Judge Clark Douglas once went down from Jerusalem to Jericho. He saw this gross wounded guy on the side of road and fled.
Redemption comes at a high price.
"You've got to know a secret to tell a secret."
Facts of the Case
Foley (Samuel L. Jackson, Jackie Brown) used to be one of the best con men in the business. Alas, his career was brought to a halt after he killed his partner and was given a lengthy prison sentence. After spending twenty-five years in a cell, Foley is determined to lead a simple, crime-free existence, but someone is eager to pull him back in: Ethan (Luke Kirby, Tell Me You Love Me), the son of Foley's former partner. Foley initially turns down Ethan's scheme to rob a powerful mobster (Tom Wilkinson, Michael Clayton), but Ethan may have more than one negotiating tactic up his sleeve. Meanwhile, Foley begins developing a relationship with a drug-addicted call girl named Iris (Ruth Negga, Misfits), who dreams of starting a better life with her newfound love. Will Foley's efforts to begin a simple life of peace prevail?
It takes a little while for The Samaritan to get cooking, but once things start falling into place it becomes a surprisingly riveting experience. Some of the opening scenes seem to be running through a series of noir conventions: the tired ex-con who's done with a life of crime but is being asked to pull one last job, the violent mobster who needs to be taken down, the hooker with a heart of gold, etc. The first act is the film's clunkiest, as it occasionally feels like it's merely imitating genre flicks of decades past rather than establishing its own identity. Thankfully, the conventional set-up proves to be its own sort of con game, and the film eventually reveals itself as something considerably more surprising and compelling than we expected.
The Samaritan was co-written and directed by David Weaver, whose resume consists of a diverse mixture of low-budget theatrical releases, made-for-TV movies and obscure television shows. Though I haven't seen any of his earlier work, my initial impression is that Weaver is a better writer than he is a director. The story he's penned (co-written by Elan Mastai) features some thoughtful characterization and a handful of genuinely surprising plot developments (though the ones which are surprising due to narrative sleight-of-hand are more impressive than the ones which are surprising due to their silliness). In the hands of a stronger director, we could have been looking at a film worthy of comparison to The Grifters. Unfortunately, Weaver lays on the noir atmosphere a little too forcefully and makes the mistake of rushing through a string of new developments during the film's closing reel. Even so, these basic mistakes aren't enough to significantly damage the power or intrigue of the story.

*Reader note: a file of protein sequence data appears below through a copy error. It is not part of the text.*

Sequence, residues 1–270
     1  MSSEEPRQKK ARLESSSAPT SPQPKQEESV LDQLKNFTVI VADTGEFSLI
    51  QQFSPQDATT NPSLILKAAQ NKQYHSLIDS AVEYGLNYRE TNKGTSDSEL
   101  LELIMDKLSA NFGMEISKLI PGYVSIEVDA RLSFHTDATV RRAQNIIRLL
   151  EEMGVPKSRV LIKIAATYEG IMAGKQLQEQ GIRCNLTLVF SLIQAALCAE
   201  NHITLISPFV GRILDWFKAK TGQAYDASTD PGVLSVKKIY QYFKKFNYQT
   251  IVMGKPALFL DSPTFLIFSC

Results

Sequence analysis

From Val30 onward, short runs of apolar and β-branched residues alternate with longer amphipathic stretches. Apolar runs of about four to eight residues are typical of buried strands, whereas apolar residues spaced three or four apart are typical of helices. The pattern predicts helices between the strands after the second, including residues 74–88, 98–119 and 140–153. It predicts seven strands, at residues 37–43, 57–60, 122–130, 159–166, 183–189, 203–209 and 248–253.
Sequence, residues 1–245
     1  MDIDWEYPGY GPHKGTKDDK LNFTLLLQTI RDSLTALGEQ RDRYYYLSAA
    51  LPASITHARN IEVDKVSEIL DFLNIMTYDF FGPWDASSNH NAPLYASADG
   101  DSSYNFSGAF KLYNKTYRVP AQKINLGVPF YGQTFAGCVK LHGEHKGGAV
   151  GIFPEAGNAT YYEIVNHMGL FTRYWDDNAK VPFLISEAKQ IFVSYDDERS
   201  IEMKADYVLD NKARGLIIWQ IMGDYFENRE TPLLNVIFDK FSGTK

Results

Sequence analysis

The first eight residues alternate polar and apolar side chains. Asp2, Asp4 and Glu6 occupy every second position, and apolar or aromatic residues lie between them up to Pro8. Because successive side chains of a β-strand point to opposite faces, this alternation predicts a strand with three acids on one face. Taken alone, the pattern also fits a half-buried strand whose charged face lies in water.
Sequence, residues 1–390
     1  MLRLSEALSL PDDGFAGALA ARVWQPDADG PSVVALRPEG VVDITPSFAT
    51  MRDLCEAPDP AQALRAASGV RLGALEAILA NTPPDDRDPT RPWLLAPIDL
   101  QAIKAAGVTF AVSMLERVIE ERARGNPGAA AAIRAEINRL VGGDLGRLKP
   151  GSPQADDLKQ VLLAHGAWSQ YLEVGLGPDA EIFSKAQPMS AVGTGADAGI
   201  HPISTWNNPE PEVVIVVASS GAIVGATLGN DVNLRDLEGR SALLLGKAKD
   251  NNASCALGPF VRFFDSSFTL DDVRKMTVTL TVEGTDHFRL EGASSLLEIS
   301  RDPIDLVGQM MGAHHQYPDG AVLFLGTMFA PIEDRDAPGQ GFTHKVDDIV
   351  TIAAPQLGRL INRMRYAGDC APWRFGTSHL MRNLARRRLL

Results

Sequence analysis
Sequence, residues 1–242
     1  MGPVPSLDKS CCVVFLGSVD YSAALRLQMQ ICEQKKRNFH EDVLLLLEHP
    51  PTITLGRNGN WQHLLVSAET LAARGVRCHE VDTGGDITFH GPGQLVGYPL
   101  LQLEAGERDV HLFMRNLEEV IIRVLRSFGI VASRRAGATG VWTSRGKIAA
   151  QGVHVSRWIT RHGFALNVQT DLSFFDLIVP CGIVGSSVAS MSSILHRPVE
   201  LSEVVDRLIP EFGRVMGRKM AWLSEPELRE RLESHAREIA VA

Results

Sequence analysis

That's partially due to the performance of Samuel L. Jackson as Foley. It's a mostly-restrained turn from Jackson, who reminds us once again of what a remarkable actor he can be when he's given a meaty role (Jackson may demonstrate great enthusiasm for his big-budget popcorn efforts in interviews, but there's an enormous gap between the quality of his work in something like this or The Sunset Limited and his work in flicks like Star Wars, XxX and The Avengers). It's during those first moments of connection he shares with Negga that the film first begins to come to life. In one tender moment, Iris asks Foley, "I'm a drug addict. Does that bother you?" Foley looks at Iris and sighs. "I'm a convicted murderer. Does that bother you?" There's such tired sadness in the way Jackson delivers that line.
Once the movie started throwing its narrative punches, I found myself glued to my seat. The movie packs a mean left hook, and as it proceeds it constantly find little ways to subvert expectations. A brief example: in one sequence, Foley discovers that Iris is in danger and that Ethan is responsible. Foley grabs his pistol and holds it at Ethan's head: "If anything has happened to her," he growls as he lowers the pistol and hands it to Ethan, "shoot yourself." Despite its many eyebrow-raising twists, the film never seems too in love with its own cleverness (a common and generally fatal mistake made by countless con movies) and never neglects its characters for the sake of action. The virtues are more than enough to compensate for the occasional rough patches.
The Samaritan (Blu-ray) is another middling IFC Blu-ray release, sporting a somewhat flat-looking 1080p/2.40:1 transfer. While the film is supposed to look dark and moody, the drabness of the image and lack of depth certainly doesn't help things much. It's never genuinely terrible (and the level of detail is admittedly satisfying enough throughout), but the movie certainly doesn't have the inky richness it ought to. The DTS-HD 5.1 Master Audio track is decent enough, though the slightly-too-heavy original score (which goes a long way towards creating the impression that the movie is taking itself just a bit too seriously given the pulpiness of its material) seems turned up a bit loud in the mix at times. Dialogue is clear and the occasional sound design is well-captured. Supplements are limited to a theatrical trailer.
Critics generally disliked The Samaritan and audiences ignored it, but the film is better than its reputation would suggest. Despite its numerous flaws, it's involving, satisfying, and worth checking out.
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Scales of Justice
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